How To Beat 21+3 Blackjack Side Bet – Rules, Tips, Payouts & More


21+3 was first introduced in Las Vegas in 2001 and has grown to become one of the world’s most popular side bets in the past 20 years.

If you’ve ever wondered how to play or what to
look for in a good 21+3 game, we’ve got you covered.

What Is The 21+3 Side Bet?

The dealer will deal you your first two cards
and then turn over their upcard.

If your first two cards and the dealer’s top
card make a straight, a flush, or a three of a kind, you’ve won!

One of the reasons for its popularity is that it’s so easy to play.

The bet is placed in a small circle off to the side of the main wager, which is why it’s called a side bet.

Either online or in a land-based casino, you should be able to find the bet for as low as $1, although in some places like Las Vegas, you may only see it for $5 and up.

21+3 Payouts

In the original game – now owned by Galaxy
Gaming and found on land-based blackjack tables worldwide – a straight, flush,
or three of a kind was paid a simple 9 to 1.

But as online casinos flourished and other companies saw the potential, the pay tables evolved.

Some games now pay a progressive jackpot on things like three aces suited, or perhaps 270 to 1 for a three of a kind suited.

The critical thing to remember is that they
all play basically the same. Your first two cards and the dealer’s top card
need to combine to make a winning hand.

Several of the online providers offer different payouts depending on the hand dealt.

The most common of these is this payout table from IGT, which has a 4.14 percent house edge with a six-deck shoe.

Suited Three of a Kind 100 to 1
Straight Flush 35 to 1
Three of a Kind 33 to 1
Straight 10 to 1
Flush 5 to 1

Or the very similar payout from Evolution Gaming which has a 3.62 percent house edge with a six-deck shoe.

Suited Three of a Kind 100 to 1
Straight Flush 40 to 1
Three of a Kind 30 to 1
Straight 10 to 1
Flush 5 to 1

The very popular top three side bet often
accompanies the 21+3 side bet since they are both owned by Galaxy and marketed
together to casinos.

It requires that you bet both the 21+3
bet and the top three bet. Then if your two cards and the dealer’s up card are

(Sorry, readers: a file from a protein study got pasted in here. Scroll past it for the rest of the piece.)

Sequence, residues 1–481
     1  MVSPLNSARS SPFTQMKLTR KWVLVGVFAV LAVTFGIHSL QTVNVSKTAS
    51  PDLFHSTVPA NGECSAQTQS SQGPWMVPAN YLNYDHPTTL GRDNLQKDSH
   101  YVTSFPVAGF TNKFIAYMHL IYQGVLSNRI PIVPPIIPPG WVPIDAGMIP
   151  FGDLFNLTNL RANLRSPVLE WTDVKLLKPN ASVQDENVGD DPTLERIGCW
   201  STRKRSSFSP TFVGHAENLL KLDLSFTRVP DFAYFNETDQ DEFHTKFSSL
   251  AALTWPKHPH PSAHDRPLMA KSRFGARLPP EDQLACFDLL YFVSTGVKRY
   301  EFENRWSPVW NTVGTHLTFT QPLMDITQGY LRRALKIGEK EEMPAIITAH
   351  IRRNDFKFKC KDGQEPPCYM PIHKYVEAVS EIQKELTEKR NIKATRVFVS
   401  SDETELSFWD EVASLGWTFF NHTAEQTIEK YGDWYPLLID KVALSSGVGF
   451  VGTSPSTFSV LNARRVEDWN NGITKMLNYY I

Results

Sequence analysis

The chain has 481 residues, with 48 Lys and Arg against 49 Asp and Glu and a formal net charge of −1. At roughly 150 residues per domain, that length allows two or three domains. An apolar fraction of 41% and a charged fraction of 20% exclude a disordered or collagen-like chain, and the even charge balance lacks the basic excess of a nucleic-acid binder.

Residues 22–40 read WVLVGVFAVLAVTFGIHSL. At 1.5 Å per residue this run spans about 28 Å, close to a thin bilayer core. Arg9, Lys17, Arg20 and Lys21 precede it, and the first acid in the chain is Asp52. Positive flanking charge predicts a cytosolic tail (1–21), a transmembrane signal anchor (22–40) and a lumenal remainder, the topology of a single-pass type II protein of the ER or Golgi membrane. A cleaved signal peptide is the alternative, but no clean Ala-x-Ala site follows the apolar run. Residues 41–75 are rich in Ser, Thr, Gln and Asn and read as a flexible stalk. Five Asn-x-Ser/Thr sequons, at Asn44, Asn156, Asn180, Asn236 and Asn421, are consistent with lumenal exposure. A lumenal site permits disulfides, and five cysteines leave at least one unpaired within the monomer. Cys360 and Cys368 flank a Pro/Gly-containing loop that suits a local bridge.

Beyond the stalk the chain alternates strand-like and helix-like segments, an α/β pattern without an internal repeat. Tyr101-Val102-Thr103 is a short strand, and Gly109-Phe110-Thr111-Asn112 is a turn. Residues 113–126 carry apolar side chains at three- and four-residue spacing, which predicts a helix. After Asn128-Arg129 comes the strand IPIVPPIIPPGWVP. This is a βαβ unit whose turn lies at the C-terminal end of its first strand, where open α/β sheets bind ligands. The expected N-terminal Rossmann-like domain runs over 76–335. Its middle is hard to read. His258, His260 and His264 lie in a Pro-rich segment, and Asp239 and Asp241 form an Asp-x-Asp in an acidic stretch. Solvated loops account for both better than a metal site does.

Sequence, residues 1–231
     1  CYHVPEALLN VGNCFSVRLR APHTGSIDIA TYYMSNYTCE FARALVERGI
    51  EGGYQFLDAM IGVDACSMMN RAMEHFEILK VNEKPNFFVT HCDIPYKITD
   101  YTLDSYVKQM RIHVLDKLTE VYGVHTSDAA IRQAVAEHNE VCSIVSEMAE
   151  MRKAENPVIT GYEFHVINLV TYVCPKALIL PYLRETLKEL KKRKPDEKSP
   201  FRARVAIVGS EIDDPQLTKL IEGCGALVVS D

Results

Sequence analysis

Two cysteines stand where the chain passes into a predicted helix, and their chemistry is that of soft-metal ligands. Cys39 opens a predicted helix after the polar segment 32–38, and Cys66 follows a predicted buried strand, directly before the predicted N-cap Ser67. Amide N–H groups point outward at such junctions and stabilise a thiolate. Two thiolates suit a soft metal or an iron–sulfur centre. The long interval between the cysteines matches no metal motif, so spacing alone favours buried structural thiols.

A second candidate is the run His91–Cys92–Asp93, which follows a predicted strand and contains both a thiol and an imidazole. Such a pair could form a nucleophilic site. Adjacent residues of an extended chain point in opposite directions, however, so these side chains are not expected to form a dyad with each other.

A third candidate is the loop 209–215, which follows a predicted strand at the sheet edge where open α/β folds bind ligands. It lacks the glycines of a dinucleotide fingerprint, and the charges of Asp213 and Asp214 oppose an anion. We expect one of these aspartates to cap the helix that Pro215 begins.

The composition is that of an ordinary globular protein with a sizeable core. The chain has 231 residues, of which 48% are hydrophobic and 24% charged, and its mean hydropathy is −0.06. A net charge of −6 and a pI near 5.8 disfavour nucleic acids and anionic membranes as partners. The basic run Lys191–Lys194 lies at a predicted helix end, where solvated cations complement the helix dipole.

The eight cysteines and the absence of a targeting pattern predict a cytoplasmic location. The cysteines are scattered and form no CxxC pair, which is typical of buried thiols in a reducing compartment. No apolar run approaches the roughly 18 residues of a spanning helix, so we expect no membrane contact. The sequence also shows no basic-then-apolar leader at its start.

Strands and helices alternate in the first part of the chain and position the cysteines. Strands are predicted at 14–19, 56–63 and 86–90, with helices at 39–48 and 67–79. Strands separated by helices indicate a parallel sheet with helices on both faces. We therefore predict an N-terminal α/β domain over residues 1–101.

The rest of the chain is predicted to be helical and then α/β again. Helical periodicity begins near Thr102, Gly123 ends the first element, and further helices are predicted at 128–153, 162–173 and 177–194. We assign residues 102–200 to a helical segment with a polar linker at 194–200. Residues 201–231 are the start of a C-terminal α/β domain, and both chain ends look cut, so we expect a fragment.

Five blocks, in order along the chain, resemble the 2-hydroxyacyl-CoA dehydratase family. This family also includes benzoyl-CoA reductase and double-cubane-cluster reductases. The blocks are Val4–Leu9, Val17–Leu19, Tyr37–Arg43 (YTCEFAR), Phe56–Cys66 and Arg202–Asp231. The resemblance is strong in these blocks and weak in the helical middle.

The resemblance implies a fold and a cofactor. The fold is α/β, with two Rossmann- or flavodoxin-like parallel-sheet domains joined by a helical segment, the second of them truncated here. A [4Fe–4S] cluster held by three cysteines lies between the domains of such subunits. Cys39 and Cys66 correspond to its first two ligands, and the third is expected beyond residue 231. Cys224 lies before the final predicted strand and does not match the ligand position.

a three of a kind, you’re paid 90 to 1.

A straight flush gets you a 180 to 1, and
three of a kind suited gets you 270 to 1. You also get your 9 to 1 payout on
your regular 21+3 bet.

The house advantage on just the top three
bet is approximately 9 percent.

The More Decks, The Merrier

The number of decks in play can influence the house
advantage by a few tenths of a point on your blackjack hand.

But the house advantage on your 21+3 bet can
change by several whole percentage points depending on the number of decks in

The original 21+3 offered up by Shufflemaster
at casinos across Europe, America and Asia is a prime example.

Here’s the paytable from 1-8 decks:

8 decks 2.74 percent
6 decks 3.24 percent
4 decks 4.24 percent
2 decks 7.26 percent
1 deck 13.3 percent

The casino’s advantage is more than twice as
much if you play the 21+3 side bet on the double-deck game vs. an eight-deck

Even on the IGT and Evolution payout tables
discussed above, the difference between a six-deck shoe and an eight-deck shoe
is almost a whole percentage point.

So this game is best played with every
payout paying 9 to 1 and on an eight-deck shoe.

Failing that, look for as many decks as
possible, with one of these pay tables preferably.

Can 21+3 Be Beaten?

While a lower house edge is always a better
bet, can the game be beaten?

Eliot Jacobson, a table games hacker of sorts,
showed that a simple count of suits was enough to beat the game, albeit with a
very low expected return and a high degree of difficulty.

But as many casinos went to progressive pay tables with three ace of spades or something similar, many individuals and teams realized they could look for progressive payouts that were large enough to give the player the advantage.

In these very limited cases, the mathematical
pendulum had swung to favor the player as the size of the jackpot grew to
offset the slight house advantage.

So it never hurts to keep an eye out for large
progressive meters when scouting for a 21+3 table.

Conversely, small jackpots on these
progressive games may mean that you are playing at a much worse house advantage
than you would be just playing on a conventional game, so beware.

21+3 Is Here To Stay

21+3 is a simple, fun side bet, which, if
you’re careful, doesn’t have to have a huge house advantage.

It can add a lot of excitement for just a $1 or $5 bet, and it gets the whole table pulling together in a way that blackjack doesn’t always.

That’s the reason it’s been around for two
decades and will probably be around for at least two more.

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